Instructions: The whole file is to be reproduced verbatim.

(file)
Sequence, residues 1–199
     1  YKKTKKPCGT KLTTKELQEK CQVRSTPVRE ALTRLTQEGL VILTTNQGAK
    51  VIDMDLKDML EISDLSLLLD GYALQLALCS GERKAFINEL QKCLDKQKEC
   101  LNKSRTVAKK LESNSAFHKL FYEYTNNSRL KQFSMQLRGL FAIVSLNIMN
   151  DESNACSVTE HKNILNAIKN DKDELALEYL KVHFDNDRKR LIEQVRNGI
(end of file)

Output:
Sequence, residues 1–199
     1  YKKTKKPCGT KLTTKELQEK CQVRSTPVRE ALTRLTQEGL VILTTNQGAK
    51  VIDMDLKDML EISDLSLLLD GYALQLALCS GERKAFINEL QKCLDKQKEC
   101  LNKSRTVAKK LESNSAFHKL FYEYTNNSRL KQFSMQLRGL FAIVSLNIMN
   151  DESNACSVTE HKNILNAIKN DKDELALEYL KVHFDNDRKR LIEQVRNGI